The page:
Will American Wines Be Able to Use The “Château” Mention?

Vin du Château,
Mis en Bouteille au Château,
Château Lafite Rothschild,
Château Latour,
Château Margaux, etc…

Why do some wine labels mention the term “château”, and what does it mean?

The term “château” is a guaranty that the wine is from the actual domain, and bottled at the property. It also means that the grapes used to make the wine are strictly from their own vineyards, which gives it a unique flavor and identity. The winery guaranties a certain level of quality and authenticity in order to maintain their reputation, and in some cases their grade level.

It is not unusual for smaller surrounding vineyards to adopt the appellation and the brand of the notorious wine, as long as they do not use the term “château”. This practice has been in existence for quite a while and it is somewhat “authorized” locally in the name of wine economics.

The Bordeaux Wine Federation is fighting a new proposal by the European Committee to give American wine producers the right to use the venerated “château” label. This includes wines produced from a blend of grapes from different growers and exported to Europe. The European Committee wants to “sell off” the mention but the Bordeaux Wine Federation is quite against the idea, for obvious reasons… and who can blame them? They might as well own the term! “Château” is a traditional mention in the Gironde region of France, and it became emblematic to the Bordeaux wine production.

The “château” label designates an “Appellation d’Origine Controllée” (AOC), or controlled designation of origin, where 100% of the grapes are harvested on a specific and unique patch of land, and vinified at the property, or château. The Bordeaux Wine Federation is concerned that the term might be fraudulently used by some winemakers, making the competition unfair, and creating quite a distortion of authenticity for those who are really playing by the rules, as well as the consumers. Bernard Farges, president of the AOC association is strongly opposed to this deal and made his position quite clear during a recent press release: “American wines, some of them comprised of different grapes grown on different plots, should not be given this title, because it diminishes the importance of the term in the mind of the French consumer. Such grant will create an enormous precedent for other terms related to viticulture exploitation, such as: domaine, hospices, clos, grand cru, premier cru.”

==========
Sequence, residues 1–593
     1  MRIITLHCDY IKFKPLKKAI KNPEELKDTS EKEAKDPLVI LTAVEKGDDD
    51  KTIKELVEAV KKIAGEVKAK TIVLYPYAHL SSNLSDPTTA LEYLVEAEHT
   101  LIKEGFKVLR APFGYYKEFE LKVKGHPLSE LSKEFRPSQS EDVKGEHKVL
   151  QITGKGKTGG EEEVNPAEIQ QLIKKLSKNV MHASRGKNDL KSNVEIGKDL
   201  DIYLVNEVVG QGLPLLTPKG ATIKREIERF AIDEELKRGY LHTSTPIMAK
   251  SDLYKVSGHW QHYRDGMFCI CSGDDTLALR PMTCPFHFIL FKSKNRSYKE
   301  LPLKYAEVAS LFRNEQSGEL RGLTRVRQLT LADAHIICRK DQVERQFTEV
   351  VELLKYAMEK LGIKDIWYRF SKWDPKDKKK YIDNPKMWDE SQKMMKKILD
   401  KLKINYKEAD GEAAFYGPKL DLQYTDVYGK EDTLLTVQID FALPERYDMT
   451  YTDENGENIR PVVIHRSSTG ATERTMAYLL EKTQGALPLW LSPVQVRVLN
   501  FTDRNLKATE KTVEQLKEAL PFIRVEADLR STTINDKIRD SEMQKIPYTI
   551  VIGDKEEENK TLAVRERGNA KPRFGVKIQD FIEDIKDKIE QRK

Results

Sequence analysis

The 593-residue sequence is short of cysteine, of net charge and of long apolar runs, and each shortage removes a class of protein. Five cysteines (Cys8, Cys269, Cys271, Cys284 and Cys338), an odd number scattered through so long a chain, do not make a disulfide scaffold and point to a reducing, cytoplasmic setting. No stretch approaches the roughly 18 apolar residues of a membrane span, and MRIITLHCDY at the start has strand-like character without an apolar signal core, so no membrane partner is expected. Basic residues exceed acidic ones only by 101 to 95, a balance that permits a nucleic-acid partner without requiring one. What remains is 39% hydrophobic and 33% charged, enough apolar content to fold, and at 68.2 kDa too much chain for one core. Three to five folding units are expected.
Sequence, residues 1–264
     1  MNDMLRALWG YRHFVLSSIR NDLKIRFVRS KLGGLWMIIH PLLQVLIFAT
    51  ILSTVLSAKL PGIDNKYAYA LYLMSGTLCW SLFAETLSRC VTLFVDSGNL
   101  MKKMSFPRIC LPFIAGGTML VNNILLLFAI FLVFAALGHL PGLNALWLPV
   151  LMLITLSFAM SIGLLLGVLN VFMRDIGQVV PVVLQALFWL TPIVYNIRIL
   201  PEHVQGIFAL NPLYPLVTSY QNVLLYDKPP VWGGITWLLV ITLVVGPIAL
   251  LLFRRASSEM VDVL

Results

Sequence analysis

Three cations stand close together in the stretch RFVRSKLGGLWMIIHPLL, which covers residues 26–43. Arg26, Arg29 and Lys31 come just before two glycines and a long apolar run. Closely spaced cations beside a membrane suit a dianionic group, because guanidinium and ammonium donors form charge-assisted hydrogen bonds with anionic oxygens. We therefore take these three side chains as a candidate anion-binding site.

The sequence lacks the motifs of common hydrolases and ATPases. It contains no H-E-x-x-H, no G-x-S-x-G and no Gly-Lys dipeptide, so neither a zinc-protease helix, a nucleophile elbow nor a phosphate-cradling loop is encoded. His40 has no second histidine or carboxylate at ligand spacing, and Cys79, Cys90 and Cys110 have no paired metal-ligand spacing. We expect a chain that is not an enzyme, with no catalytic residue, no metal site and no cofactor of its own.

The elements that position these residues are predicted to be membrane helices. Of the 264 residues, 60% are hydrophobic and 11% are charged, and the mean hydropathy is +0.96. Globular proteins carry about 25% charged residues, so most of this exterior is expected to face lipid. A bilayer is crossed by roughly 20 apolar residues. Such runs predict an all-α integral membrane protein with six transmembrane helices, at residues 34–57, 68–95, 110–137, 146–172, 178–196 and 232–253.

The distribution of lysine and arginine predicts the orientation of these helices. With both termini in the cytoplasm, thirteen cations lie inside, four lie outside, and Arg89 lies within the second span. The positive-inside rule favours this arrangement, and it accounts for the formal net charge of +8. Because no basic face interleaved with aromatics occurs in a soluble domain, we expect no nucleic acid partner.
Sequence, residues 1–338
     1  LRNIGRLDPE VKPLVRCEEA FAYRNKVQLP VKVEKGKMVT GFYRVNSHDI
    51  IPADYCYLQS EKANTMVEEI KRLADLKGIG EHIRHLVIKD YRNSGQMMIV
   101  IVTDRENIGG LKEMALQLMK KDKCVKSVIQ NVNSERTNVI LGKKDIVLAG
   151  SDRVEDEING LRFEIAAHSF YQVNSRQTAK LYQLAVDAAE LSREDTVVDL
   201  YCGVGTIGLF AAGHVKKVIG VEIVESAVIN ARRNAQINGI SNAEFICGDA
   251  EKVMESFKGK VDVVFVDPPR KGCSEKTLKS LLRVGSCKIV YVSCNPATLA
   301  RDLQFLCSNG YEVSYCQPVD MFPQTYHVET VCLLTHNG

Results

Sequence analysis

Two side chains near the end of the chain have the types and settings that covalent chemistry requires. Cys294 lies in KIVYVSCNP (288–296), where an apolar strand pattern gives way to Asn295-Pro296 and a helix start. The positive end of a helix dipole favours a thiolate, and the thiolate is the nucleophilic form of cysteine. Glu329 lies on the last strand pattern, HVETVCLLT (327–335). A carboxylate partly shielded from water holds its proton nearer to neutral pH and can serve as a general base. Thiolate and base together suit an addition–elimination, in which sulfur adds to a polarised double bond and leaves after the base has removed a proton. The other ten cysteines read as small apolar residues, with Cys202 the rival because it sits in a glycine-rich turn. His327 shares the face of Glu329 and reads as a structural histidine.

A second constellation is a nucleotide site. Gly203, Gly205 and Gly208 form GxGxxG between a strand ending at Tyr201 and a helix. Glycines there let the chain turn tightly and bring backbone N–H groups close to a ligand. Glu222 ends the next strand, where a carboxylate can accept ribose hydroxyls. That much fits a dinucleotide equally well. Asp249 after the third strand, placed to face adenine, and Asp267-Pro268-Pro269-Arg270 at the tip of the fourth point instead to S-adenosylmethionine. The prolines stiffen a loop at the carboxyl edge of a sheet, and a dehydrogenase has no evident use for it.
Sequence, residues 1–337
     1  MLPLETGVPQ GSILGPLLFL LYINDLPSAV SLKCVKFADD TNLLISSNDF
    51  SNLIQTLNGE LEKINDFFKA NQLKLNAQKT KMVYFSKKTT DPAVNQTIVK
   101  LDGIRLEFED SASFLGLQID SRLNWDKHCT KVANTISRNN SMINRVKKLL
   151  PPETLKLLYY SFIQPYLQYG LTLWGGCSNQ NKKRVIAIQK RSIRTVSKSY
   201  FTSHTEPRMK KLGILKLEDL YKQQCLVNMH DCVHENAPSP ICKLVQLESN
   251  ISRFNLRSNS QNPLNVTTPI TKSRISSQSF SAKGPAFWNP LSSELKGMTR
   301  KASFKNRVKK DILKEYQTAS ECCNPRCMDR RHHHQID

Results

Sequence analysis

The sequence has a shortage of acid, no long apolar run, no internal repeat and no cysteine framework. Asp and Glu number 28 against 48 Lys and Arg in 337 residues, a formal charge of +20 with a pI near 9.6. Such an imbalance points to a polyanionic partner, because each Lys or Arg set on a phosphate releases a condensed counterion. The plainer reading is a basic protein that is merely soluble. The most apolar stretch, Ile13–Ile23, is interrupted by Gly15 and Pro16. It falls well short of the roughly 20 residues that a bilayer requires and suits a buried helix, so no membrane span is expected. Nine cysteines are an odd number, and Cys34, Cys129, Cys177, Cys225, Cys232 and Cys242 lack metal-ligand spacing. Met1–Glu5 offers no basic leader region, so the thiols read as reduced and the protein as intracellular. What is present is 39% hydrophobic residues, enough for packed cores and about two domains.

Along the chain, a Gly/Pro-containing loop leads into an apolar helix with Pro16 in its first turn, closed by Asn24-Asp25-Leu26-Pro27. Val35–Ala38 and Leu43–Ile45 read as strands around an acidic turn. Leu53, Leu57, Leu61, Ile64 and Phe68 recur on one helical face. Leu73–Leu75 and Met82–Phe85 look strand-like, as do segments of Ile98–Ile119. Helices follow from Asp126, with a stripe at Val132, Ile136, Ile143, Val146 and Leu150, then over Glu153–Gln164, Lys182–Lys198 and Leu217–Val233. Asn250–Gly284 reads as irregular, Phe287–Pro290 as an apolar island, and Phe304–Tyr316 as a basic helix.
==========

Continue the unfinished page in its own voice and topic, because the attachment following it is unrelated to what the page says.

The French agriculture minister is scheduled to travel to Brussels to veto the new proposal. The European Commission intends to lighten the debate and come up with a fair decision. The deal is far from being done and there hasn’t been a vote on the subject yet. The question will be raised during a meeting happening Sept. 25th, organized by the European Agricultural Economic Committee.

What do you know! There’s drama in wine land, too.

 

Related story: No “Château” For American Winemakers

10 Comments

  1. Dirk

    Great article. Curious to see what will happen.

    I vote ‘no’ on the Chateau label dilution because we all know what will happen, it cannot be policed and self regulation – although many California vintners are real serious about their ‘metier’ regulation – will fall down the waste site. In an environment of heavy competition in the end no one will want to contribute to the cost of the enforcement of the rules. So rather avoid the problem and instead of ‘chateau’, which unnecessarily confuses the issue, California can use the word ‘estate’ like it does now. We have no chateaux here in the first place.

    Let’s be original Californians about California wine making and not feel so eager to adapt to (or shall I say immitate the french) by highjacking their standards inherent to the French wine culture. Why? To make another buck. I am not buying it.

  2. Val

    Style, hyper intéressant ton article et même pas au courant en France … Un château c’est d’abord un château, alors je suis d’accord avec le 1er commentaire … et ton allusion à Disneyland … LOL!!!

  3. Rick

    Some American wineries already use the chateau name on their label and have been doing so for some time.
    Will they be forced to legally change the name of their long standing wine labels??? Will a legal battle ensue?
    Food for thought.

  4. Chateau St. Jean, Chateau Montelena, Chateau Julien…
    Several high-end wineries have been using the “château” or “clos” designations for their wines. They were able to export such wines under the 3 year trans-Atlantic wine pact that took place in 2006. Though that deal was over in 2009, most of those wineries are still using the term “château” on their labels, probably taking advantage of some other wine rule we may not be aware of.

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